Turnover costs. Studies calculating the cost of employee turnover are all over the board, from six months’ salary to two times annual salary. Nonetheless, numerous industries see the cost of losing good employees growing.
Therefore, there is an emphasis on discovering exactly why good employees leave.
Here are a few of the reasons.
Six Reasons Good Employees Leave
Top performers are intrinsically motivated. Therefore, it is easy to forget to praise them suitably. Everyone appreciates recognition, even those intrinsically motivated. Managers must discover the source of recognition that works best for each employee (a raise, public recognition) and reward good employees accordingly.
Hire and Promotion of the Wrong People
Good employees want to work with other good employees. When managers don’t hire similar-minded, hard-working professionals, top performers suffer. Promoting the wrong people is just as bad. Both mistakes act as de-motivators. It is an insult if you work to the bone and someone who made it to the top for means other than hard work to receive a promotion. It makes good people leave.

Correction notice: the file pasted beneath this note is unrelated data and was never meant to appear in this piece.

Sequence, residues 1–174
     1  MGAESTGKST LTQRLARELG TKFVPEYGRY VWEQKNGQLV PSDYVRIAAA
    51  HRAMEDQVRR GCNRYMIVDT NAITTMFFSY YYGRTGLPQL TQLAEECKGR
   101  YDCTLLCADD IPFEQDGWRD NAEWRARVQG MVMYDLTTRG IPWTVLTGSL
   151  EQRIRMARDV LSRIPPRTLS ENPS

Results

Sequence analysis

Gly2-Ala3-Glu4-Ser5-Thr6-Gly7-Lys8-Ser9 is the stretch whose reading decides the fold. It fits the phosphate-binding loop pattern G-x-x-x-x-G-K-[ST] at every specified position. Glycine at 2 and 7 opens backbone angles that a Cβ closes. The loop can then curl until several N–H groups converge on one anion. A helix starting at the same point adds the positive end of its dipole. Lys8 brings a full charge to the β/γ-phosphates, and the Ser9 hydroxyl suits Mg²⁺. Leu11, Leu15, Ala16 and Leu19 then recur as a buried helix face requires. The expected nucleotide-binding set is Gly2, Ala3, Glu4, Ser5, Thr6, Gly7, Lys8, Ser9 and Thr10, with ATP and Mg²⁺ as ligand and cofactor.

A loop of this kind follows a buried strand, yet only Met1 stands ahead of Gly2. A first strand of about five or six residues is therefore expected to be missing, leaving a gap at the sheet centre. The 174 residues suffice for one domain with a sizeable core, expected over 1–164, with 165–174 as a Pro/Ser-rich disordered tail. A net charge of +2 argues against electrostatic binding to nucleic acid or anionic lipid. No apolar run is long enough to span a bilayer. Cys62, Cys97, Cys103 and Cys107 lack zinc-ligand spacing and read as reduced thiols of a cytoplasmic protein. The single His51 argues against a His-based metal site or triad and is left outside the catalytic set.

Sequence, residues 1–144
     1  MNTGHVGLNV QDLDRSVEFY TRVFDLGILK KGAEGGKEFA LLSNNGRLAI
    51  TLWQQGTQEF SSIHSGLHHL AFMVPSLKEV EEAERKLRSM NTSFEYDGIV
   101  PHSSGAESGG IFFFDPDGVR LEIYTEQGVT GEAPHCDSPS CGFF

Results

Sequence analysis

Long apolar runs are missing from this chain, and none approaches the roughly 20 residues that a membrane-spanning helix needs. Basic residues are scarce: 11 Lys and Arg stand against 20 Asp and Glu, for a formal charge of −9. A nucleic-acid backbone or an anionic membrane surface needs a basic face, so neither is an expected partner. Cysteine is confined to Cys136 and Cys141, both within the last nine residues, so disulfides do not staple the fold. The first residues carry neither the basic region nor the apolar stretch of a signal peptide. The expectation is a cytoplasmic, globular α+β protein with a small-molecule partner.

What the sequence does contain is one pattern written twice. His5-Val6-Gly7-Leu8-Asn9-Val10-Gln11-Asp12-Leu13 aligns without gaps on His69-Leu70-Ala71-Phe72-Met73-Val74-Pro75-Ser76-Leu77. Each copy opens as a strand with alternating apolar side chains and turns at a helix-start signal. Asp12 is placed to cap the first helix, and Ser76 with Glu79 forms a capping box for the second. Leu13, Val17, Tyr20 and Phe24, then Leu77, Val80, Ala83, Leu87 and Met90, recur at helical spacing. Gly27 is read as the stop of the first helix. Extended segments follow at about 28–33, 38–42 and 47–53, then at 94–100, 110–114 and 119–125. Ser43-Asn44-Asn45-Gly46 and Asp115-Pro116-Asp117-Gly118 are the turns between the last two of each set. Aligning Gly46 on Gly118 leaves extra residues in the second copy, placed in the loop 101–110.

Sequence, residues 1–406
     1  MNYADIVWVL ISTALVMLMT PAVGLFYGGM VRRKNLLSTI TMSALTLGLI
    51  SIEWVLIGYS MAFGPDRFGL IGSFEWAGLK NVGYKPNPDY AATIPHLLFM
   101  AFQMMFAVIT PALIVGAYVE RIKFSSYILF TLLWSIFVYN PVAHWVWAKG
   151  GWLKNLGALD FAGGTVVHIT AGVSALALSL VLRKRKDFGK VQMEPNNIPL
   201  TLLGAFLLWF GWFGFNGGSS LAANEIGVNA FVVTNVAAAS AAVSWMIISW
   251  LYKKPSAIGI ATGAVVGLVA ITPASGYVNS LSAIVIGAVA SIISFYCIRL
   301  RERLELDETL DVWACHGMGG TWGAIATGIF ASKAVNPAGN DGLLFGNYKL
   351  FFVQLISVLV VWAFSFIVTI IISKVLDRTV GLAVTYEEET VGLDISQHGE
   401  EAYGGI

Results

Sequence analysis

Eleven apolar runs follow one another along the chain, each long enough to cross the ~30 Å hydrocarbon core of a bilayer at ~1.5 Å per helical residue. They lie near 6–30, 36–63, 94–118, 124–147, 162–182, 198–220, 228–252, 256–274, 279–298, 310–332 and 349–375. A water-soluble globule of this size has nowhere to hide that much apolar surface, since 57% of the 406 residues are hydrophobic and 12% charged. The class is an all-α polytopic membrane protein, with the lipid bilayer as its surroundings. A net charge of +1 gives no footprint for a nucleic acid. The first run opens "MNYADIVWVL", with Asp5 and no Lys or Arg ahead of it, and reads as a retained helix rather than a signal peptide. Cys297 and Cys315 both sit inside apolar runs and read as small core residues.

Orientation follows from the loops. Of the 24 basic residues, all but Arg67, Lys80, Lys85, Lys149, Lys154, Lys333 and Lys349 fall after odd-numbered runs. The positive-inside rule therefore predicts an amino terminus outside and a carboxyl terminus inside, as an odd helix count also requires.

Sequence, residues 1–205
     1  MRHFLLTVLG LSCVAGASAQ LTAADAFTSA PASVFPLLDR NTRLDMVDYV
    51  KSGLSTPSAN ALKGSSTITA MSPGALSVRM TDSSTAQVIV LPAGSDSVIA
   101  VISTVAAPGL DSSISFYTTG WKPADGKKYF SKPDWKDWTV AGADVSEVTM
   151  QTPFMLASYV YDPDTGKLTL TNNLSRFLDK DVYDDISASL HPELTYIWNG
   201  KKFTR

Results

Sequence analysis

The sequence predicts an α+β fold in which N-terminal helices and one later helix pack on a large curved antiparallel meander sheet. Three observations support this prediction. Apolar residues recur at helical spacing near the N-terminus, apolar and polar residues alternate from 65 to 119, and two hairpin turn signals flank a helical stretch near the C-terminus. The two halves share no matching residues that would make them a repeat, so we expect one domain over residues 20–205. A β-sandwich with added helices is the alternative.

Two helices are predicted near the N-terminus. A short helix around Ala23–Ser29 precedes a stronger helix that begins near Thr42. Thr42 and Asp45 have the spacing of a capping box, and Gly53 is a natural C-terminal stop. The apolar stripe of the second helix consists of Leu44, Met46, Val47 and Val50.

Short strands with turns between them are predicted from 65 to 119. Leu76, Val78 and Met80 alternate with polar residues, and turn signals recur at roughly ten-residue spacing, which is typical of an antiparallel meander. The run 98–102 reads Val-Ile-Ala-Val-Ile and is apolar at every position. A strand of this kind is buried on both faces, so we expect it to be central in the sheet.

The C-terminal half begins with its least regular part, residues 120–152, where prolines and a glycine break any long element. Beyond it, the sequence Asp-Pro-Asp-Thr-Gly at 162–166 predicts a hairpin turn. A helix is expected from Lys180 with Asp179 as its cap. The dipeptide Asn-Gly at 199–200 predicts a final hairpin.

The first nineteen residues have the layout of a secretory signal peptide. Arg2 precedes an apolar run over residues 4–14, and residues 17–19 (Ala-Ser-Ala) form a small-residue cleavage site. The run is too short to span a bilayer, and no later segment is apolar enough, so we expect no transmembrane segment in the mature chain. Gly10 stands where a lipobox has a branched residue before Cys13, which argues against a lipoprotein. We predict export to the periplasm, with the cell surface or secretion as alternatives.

Rules are needed. They create efficiencies and expectations. However, they need to be sensible. Whether it’s an old-fashioned attendance policy or undue paperwork requirements, a handful of dumb rules can be infuriating. If good employees feel like someone is watching over their shoulders, they’ll find a place to work that does not feel that way.
In the Name of Fairness, Everyone Is Treated Equally
This may be a good way to raise children, but it is not a good way to run an office place or organization. If everyone is equal what does that say to the good employees? It says: It does not matter if you are a top performer, you and that guy with two warnings are the same in every way.
It is great to work for an organization that has a great mission, vision, and dreams. If these dreams do not translate into strategies and goals to make the mission achievable, it’s all just talk. Good performers want to spend time helping an organization reach its goals.
Lack of Feedback
Many managers are at a loss when it comes to helping employees improve performance. Also, many managers procrastinate when it comes to providing critical feedback, even though they know it is essential to growth. One of a manager’s primary roles is to help her reports become better employees.
Lack of Decision-Making Power
It is often easier for a manager to do something herself versus allow a report to try it. Oftentimes, it is easier to micro-manage versus allow a report to make a mistake. Employees crave empowerment and the trust, freedom, and ability to make mistakes that go with it.
Tying It All Together
If you want your best people to stay, you need to think carefully about how you treat them. While good employees are as tough as nails, their talent gives them an abundance of options. You need to make them want to work for you.